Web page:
I previously considered this statement by Moshe Rabbenu in parshat Ekev, that he did not eat for all those days. And thinking about it again, I still think it somewhat plausible that this statement was not intended literally, but rather is an idiom within a mussar speech intended to convey Moshe Rabbenu's extreme devotion to the cause. See there, but perhaps we can compare with the Jewish joke above.


Shmuel said...

You forgot it's also in Ki Sisa 34:28, and there it's not Moshe talking.

There are actually three approaches to this; see Likutei Sichos vol. 36, summarized in the Gutnick Chumash.

Yosef Greenberg said...

Its kind of risky, allegorizing whatever doesn't fit a particular world-view. Thats besides being, potentially, apologist.

But a nice idea, nonetheless, which I disagree with, joke aside.

Moshe mentioned both, eating and drinking, which somewhat weakens the idea. But I do see the idea against it.

BTW, what was the *natural* pshat for the mahn?

joshwaxman said...

"You forgot it's also in Ki Sisa 34:28, and there it's not Moshe talking."

true. thanks.

"Its kind of risky, allegorizing whatever doesn't fit a particular world-view. Thats besides being, potentially, apologist."
absolutely. if i didn't first think it sounded like an idiom (like Etzba Elokim), such that it would be motivated by a text-internal impetus, then i would regard it as an apologetic.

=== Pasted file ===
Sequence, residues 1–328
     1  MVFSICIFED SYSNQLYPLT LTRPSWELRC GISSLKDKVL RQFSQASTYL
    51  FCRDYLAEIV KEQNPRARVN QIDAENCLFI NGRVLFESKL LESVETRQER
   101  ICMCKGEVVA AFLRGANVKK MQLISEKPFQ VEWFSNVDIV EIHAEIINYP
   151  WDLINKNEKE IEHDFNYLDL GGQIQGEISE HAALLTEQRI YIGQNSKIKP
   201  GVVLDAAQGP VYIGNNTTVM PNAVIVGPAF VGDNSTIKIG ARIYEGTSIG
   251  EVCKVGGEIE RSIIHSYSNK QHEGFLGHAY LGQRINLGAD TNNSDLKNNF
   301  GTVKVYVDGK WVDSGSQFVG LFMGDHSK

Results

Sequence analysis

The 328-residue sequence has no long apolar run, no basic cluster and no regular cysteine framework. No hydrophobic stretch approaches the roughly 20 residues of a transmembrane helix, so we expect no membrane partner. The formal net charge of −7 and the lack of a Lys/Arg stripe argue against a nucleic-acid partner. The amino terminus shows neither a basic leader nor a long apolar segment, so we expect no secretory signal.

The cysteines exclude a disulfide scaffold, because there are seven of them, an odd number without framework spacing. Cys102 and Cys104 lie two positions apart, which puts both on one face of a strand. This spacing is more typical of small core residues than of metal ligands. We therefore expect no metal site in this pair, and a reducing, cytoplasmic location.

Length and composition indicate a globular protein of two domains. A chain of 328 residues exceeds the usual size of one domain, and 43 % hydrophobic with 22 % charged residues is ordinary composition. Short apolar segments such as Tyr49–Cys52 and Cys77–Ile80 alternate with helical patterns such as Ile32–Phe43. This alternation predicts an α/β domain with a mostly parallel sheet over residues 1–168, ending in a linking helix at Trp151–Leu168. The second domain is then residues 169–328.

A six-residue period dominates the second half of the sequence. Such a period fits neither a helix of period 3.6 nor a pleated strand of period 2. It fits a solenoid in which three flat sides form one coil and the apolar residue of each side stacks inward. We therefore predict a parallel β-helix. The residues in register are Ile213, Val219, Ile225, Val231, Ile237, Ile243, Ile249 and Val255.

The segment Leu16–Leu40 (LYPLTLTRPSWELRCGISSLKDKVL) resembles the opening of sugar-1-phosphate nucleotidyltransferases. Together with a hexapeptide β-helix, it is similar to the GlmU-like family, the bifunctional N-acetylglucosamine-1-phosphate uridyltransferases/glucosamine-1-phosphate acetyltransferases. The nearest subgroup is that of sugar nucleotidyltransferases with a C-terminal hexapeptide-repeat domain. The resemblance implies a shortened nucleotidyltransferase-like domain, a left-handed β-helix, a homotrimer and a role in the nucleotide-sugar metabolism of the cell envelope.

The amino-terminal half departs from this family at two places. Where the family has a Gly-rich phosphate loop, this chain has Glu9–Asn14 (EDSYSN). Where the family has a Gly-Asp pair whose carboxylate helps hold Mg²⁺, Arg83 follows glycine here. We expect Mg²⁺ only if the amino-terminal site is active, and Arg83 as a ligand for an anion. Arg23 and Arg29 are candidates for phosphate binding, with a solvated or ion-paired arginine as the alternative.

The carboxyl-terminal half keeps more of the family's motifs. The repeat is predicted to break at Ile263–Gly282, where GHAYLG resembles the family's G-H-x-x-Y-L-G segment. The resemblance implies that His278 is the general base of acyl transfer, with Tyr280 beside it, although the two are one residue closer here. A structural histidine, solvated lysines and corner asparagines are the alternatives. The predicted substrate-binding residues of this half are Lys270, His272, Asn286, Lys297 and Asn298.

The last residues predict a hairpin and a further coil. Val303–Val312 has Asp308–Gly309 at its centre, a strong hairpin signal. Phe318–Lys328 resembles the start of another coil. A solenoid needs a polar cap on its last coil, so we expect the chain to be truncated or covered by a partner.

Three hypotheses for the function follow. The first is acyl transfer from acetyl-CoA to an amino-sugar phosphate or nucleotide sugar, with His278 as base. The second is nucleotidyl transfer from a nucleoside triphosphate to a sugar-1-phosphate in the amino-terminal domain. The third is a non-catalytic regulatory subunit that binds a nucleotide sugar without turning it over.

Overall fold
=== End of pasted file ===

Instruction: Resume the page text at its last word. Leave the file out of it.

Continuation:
"BTW, what was the *natural* pshat for the mahn?"
the mann is certainly intended as miraculous. but the slav was also miraculous. the miracle was that this existing flock(s) of birds was blown regularly into the Israelite camp. just as the locust were blown in and out of Egypt. whether the manna came from a special prepared Otzar (since, after all, Pirkei Avot informs us that it was created Erev Shabbos), and rained down, just like rain or snow; or if Hashem caused it to form each day using natural or miraculous means (or if it was blown in from some growing atop some mountain, if you really want a naturalistic explanation), in the end, it fell in the field. People went out to collect it; they cooked it; they ate it, and that provided them with sustenance. this is the sort of miracle in which the derech hateva is not suspended. but for Moshe's natural body processes to go on for 40 days and 40 nights, while he breathed and functioned, but did *not* take in nutrients -- that would constitute a continuous suspension of the laws of nature. this is not the way that Ibn Ezra understands the operation of miracles, in general. so not so much "natural", but rather a "naturalistic" type of miracle, and a miracle nonetheless.


Yosef Greenberg said...

"this is the sort of miracle in which the derech hateva is not suspended."

You'er saying that as much as you can harmonize nature with the Torah's account, you will, until you're stumped.

But then we should see that same פלא גדול לא נהיה כמוהו לפניו, on these specific aspect.

Truly, what difference does it make if there was a strong wind blowing before krias yam suf, if the actual splitting was an unnatural neiss. (assuming it was.)

Now, you could say that as far as a neiss wasn't needed, it wouldn't be done. But that goes for the neiss itself. God doesn't *need* them.